Leucanthemum have been extra tall but also with extra large flowers that lasted nearly double their normal lifespan.
Hemerocallis have had a bumper crop of flower over a longer period. Many are attempting to flower again now, but alas I fear the weather is a little too cold to allow the buds to develop properly.
Can I learn any lessons to help recreate this show again next year. Well, the obvious one is to make sure these plants have ample moisture in normal or dry years but this is frankly hard to achieve and artificial watering and mulching isn't the same as the real thing. One thing I can do is to plant these plants in a little more shade as they seem to have coped well with the low light levels of this summer.
Asters like Anja's Choice here are looking wonderful in the sparkling autumn sunshine. One lesson I've learnt with this one is to avoid cutting back the foliage in early spring as the newly exposed shoots really suffer from frost damage. So the choice is to cut back in autumn or leave it until late April or even May.
|Calliope seems to be more frost resistant and I normally cut this one back during the winter as time allows.|
October: Grasses galore
At this time of year in the garden I'm really pleased I grow so many ornamental grasses as they add grace, height, colour to the garden throughout autumn.
Stipa gigantea catches the afternoon sun and will keep on looking good right through to February.
|Molinia Transparent is difficult to capture with a camera but looks graceful and airy.|
Gracillimus has fine leaves that are beginning to take on autumn
tints that carry strings of diamond dew drops in the morning.
This variety flowers in November and so needs a mild end to the autumn.
|Miscanthus Sirene on the other hand is just coming into flower with this tall pink, silky tassels.|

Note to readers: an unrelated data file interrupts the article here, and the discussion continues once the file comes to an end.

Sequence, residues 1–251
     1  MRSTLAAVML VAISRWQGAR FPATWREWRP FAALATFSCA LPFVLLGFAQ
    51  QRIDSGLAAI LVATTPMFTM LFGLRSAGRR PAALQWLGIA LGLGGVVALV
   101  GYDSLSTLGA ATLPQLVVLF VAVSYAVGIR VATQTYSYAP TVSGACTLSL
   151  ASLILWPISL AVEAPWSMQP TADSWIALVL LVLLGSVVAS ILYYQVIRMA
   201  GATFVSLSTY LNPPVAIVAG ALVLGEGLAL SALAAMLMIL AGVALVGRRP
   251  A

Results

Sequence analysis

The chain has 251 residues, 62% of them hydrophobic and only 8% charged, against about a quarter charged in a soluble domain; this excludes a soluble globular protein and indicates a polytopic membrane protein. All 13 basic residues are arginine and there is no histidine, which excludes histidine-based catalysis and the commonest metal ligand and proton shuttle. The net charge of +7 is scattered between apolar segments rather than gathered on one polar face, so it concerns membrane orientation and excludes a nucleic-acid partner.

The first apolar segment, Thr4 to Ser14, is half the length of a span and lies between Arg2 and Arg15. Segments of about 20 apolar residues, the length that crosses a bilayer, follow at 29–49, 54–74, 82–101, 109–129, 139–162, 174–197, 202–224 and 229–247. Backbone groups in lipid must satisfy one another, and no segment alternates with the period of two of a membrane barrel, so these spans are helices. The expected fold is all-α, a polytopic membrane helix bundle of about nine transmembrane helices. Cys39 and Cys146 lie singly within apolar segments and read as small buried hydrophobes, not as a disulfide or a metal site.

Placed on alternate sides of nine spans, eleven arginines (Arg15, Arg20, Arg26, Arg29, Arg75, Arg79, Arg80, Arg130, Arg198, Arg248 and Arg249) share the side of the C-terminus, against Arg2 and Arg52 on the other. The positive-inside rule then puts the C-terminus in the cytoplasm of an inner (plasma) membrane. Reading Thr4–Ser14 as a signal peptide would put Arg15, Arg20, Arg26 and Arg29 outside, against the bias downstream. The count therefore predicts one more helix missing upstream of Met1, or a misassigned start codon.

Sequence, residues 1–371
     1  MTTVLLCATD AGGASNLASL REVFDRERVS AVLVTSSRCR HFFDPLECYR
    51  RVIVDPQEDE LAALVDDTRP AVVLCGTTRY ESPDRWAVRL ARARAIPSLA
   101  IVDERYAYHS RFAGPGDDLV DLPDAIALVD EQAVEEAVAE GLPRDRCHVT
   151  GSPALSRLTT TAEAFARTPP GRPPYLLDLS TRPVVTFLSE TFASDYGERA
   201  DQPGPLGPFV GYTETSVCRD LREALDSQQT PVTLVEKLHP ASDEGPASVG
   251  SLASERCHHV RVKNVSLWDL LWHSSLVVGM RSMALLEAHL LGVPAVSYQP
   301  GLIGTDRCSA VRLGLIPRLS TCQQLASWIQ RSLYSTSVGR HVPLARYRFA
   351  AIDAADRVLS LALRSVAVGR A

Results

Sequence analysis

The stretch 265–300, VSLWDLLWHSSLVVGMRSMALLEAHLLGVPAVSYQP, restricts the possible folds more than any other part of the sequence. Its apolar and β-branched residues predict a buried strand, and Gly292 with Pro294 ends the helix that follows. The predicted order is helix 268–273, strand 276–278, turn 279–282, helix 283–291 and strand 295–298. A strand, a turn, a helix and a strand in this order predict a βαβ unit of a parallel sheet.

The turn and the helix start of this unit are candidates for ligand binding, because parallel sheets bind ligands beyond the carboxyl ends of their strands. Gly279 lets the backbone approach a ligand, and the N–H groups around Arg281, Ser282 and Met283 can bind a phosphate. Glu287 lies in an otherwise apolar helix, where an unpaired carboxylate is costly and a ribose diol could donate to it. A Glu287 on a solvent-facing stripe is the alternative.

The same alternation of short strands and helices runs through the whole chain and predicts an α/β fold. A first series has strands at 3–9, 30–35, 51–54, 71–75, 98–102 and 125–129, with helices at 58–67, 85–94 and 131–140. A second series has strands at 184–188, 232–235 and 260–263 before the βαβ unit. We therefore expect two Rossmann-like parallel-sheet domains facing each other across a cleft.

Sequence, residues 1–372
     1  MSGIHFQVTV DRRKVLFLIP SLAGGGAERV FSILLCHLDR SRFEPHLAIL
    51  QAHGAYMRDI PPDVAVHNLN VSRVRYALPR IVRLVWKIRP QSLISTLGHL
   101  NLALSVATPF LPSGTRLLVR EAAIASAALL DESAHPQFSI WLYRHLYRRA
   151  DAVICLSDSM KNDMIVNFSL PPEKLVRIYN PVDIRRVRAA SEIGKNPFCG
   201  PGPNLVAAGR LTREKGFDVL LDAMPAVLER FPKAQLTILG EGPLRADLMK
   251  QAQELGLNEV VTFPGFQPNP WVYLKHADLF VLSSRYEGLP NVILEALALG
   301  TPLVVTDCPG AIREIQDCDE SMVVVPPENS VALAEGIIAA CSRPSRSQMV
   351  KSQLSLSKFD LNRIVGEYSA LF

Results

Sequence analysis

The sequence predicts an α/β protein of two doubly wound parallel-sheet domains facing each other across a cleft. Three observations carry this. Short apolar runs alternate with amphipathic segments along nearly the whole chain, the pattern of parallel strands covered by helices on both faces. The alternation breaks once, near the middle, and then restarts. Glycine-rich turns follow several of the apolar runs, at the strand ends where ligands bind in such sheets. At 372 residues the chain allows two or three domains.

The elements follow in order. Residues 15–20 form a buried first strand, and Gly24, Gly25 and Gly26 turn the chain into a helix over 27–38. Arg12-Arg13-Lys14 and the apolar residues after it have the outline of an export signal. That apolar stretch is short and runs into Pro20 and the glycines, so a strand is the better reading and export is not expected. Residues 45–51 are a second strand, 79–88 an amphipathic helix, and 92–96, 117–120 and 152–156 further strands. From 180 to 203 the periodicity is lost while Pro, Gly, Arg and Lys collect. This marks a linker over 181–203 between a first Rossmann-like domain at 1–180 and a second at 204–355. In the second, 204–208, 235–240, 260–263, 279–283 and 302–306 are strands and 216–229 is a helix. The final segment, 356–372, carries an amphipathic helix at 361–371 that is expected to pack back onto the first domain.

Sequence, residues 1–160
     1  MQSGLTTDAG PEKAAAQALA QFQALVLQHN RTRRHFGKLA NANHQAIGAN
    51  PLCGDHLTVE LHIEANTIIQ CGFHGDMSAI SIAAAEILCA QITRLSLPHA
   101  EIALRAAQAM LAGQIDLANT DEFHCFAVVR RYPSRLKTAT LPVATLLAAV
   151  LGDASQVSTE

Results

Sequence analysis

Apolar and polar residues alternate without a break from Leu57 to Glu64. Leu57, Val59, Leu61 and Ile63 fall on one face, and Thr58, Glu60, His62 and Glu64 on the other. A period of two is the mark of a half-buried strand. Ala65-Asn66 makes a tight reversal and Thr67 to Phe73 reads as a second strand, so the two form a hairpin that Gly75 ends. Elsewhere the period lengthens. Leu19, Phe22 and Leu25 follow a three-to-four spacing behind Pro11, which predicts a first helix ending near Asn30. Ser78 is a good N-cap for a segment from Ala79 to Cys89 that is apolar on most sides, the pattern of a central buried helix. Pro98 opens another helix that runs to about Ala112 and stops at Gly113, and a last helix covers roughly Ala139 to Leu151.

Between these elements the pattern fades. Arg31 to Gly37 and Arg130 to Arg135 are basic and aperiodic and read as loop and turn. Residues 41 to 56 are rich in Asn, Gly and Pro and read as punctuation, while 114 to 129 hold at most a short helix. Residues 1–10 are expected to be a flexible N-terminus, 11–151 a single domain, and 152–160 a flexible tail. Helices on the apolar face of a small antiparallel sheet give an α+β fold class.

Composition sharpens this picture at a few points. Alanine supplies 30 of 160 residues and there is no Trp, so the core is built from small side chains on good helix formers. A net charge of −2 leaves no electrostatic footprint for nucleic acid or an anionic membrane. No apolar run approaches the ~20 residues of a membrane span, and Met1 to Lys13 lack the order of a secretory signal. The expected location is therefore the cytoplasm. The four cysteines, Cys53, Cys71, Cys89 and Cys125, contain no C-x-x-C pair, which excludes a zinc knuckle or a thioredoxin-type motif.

Windspiel has an excellent upright habit providing strong vertical
accents in the flower beds.
The leaves will turn progressively more fiery orange as the season progresses before mellowing to straw colour in early winter.
October: Pied Wagtails
Our house Martins left us a couple of weeks ago, and almost as if they were waiting in the wings, Pied Wagtails appeared a day or two later.
We rarely see them in the summer but in the autumn and winter they are a common feature usually seen running about our house and garage roof making short forays into the air to snatch a fly.
Pied Wagtails are varied in plumage colour and pattern. Some have more black, others more grey, some more white (often named as White Wagtails although they are all the same species).
There are two other Wagtails common in the UK: Grey Wagtails, usually seen by water and are grey with yellow on underside of rump and bib; and also Yellow Wagtails which are summer migrants with a wide range of patterns but normally pale yellow underneath and grey or olive above.
Asters are one of the mainstays of our late blooming garden and about now they are at their peak. Here is Aster novi-angliae Connie, a variety being protected by the HPS Conservation Scheme.
With most fibrous rooted perennials it is best to divide them straight after flowering, however with late bloomers its best to wait until spring otherwise they won't have time to establish before winter sets in.
Timing for cutting back Asters is a matter of choice, after flowering or in spring, but I do remember that the new growth can be damaged by late frosts if the old stems are cut back in spring during a cold snap.